Digital health mafia departures
Making sense of company identity and individual careers
Last week, Halle Tecco posted a great write up - this time about healthtech startup acquisitions. I was lucky to be included along with TJ Parker (PillPack), Surbhi Sarna (nVision Medical), and Gil Addo (RubiconMD), who all shared great advice for how to approach a sale, and how to increase the probability of a successful deal. Have a look, and, while you’re on Halle’s site be sure to check out her long line of useful posts.
Two things I’ve been enjoying this month:
Drumha.us - A classic drum machine in a web browser, with a friendly interface and fun collection of sample kits and instruments. Compact, open-source, and free to use for anyone interested in music production.
The Peregrine by JA Baker - Recommended by Werner Herzog, who lists it as required reading for his film students, citing its “intense, visionary observation.” Structured as a diary, I’m reading the entries day-by-day and reminded to observe the water birds and raptors around my own place more closely.
Ok, on to a quick post about departures when starting →
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Digital health mafia departures
Vive Collective recently published a list of digital health mafias - the companies whose employees in turn founded the most new startups. Propeller tops the list (on a per employee basis) with five, though my memory of the number of people who left to start their own thing is twice that at least.
I’m proud of that record and those people, and one day soon it would be fun to check in with them and write about their companies and what they’re up to today. But thinking about them today also reminded me how challenging it was when people chose to leave the company, particularly early on.
Startups are bands. As a founder, few moments are more meaningful than having exceptional people find enough inspiration in your emerging vision to sign up. It confirms and energizes your ambition, and those people define and frame vital parts of the company. Amidst that, it’s easy to convince yourself you’re assembling a permanent lineup, whose familiar faces will be there in ten years when you cross the finish line together.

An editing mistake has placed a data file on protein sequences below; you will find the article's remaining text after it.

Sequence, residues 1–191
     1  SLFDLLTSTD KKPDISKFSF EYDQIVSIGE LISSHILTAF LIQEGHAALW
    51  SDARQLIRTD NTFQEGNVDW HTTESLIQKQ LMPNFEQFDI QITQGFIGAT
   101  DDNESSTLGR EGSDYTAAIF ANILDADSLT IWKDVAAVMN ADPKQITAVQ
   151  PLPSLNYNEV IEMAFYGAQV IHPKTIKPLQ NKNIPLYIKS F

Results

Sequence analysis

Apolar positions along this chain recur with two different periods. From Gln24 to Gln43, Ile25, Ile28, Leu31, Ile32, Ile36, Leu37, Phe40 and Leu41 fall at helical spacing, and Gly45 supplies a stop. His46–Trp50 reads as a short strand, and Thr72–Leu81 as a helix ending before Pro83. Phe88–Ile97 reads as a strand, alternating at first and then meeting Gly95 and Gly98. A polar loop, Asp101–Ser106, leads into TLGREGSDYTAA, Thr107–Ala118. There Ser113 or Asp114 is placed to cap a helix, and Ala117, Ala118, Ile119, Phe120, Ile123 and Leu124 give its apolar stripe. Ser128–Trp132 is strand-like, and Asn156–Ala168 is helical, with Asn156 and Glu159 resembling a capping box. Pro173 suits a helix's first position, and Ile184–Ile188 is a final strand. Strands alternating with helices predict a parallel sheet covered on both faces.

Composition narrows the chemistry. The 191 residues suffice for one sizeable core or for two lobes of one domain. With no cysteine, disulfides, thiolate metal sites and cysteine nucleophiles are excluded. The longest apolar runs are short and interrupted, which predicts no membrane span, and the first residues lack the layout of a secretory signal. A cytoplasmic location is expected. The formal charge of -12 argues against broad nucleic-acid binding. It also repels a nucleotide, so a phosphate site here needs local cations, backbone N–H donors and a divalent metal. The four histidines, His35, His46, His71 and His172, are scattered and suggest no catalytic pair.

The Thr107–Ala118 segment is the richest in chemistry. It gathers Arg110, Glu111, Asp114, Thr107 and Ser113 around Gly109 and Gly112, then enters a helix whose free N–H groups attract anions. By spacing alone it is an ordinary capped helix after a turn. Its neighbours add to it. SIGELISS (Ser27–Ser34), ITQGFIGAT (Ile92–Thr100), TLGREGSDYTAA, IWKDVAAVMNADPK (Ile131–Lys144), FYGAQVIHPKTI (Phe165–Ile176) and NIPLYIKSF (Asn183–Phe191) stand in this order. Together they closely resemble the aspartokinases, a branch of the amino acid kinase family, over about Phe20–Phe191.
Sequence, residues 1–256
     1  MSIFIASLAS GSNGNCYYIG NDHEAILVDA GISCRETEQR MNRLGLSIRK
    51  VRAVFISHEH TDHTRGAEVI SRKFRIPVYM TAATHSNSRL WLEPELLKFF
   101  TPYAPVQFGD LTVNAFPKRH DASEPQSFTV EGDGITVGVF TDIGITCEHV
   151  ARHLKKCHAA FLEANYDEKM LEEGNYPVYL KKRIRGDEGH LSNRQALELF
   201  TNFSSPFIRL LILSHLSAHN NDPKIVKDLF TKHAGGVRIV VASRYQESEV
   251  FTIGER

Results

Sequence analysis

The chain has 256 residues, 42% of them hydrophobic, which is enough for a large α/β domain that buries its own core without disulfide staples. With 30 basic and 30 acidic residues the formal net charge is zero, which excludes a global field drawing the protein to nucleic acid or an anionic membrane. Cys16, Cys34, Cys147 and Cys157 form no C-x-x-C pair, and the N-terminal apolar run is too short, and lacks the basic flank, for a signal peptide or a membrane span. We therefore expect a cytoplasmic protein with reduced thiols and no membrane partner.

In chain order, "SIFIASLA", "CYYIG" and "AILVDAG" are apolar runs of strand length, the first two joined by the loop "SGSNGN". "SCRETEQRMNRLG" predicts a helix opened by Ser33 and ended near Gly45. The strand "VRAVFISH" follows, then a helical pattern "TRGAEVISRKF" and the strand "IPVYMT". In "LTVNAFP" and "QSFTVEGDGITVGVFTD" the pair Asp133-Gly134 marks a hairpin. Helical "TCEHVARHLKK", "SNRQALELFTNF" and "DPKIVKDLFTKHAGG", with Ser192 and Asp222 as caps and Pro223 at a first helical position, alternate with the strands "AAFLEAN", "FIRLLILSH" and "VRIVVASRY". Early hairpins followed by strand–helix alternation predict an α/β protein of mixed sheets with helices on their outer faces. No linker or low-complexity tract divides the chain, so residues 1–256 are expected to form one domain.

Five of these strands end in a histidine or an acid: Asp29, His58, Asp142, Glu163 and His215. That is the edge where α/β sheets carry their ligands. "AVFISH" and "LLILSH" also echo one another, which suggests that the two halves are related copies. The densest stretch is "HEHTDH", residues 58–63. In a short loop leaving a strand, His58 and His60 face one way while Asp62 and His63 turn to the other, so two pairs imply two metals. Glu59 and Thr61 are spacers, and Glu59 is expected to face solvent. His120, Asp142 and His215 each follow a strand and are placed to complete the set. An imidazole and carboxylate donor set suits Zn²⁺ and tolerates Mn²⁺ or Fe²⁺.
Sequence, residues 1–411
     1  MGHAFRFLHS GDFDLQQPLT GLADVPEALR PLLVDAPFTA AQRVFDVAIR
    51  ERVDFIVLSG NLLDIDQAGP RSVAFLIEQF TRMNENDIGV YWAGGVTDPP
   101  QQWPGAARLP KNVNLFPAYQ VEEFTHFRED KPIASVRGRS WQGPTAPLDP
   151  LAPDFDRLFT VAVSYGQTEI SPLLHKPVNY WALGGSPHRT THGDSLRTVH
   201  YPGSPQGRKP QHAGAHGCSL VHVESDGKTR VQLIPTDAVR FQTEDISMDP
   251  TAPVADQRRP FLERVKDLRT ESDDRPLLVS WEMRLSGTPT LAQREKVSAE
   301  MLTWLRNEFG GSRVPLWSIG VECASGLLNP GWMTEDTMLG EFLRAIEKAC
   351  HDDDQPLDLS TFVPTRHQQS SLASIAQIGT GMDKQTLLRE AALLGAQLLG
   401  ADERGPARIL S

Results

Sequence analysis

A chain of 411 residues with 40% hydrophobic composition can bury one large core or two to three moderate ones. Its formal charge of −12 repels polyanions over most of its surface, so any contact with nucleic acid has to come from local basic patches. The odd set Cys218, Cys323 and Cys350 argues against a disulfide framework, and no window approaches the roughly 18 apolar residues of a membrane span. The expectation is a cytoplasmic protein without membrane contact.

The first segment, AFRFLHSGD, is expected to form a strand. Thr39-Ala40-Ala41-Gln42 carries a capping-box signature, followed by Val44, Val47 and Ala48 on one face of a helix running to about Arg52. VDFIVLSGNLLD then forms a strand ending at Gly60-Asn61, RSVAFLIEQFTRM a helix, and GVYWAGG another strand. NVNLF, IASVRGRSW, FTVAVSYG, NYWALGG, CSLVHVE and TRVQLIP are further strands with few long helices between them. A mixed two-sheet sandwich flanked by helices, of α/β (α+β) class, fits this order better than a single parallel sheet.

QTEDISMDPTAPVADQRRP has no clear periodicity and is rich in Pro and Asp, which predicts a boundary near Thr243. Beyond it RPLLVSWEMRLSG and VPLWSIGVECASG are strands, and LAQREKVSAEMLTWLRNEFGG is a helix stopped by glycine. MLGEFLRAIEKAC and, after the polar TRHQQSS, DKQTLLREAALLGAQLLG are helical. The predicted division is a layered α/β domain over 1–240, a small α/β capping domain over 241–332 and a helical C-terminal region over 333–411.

But when people start to peel off for new projects, doubts and confusion arise. We don’t talk much about how to make sense of that experience as a founder.
At Propeller, I often found it perplexing. I tried to cheer them on without celebrating so much that others got ideas. But privately I worried about who was going to do what they did, or if anyone could. I asked myself what it meant to lose that person. Was the appeal of the company diminishing? Had they foreseen some problem on the horizon? At times, I was even slightly envious they got a fresh start to tackle a new set of problems.
One trick for me was realizing that, just like many bands, startups don’t have a permanent cast. Instead, they’re a classic example of a Ship of Theseus, the thought experiment that poses the paradox: If every piece of a ship is gradually replaced does it still remain the same object?
Building a startup is a similar puzzle. It continually challenges you to juxtapose the identity of the company with the transience of its constituent parts. Initially, the team is the company, but these things separate with time. After all, there are natural tours of duty - as Reid Hoffman, Ben Casnocha and Chris Yeh describe in their book, The Alliance. According to their experience, the majority of people join startups for two-to-three year stints that modestly transform their careers (and the company). Consider and understand these dynamics, they argue, and you can co-create successful and productive missions at the company.
As a founder, it feels weird to balance the continuity of a company identity with the reality of employees’ dynamic careers. But if you can appreciate that organic renewal is its natural state, you realize how it’s invigorated by evolution. The whole thing will go through periods and variations in styles, just like a band.
If you’re lucky, you get to see all kinds of versions of your company, unique embodiments made up by the different mixes of people. And later, when your own foundational tour has come to an end, how rewarding it is to see the long arcs of people who joined and left to lead their own adventures, and watch their energy echo through a new generation of companies.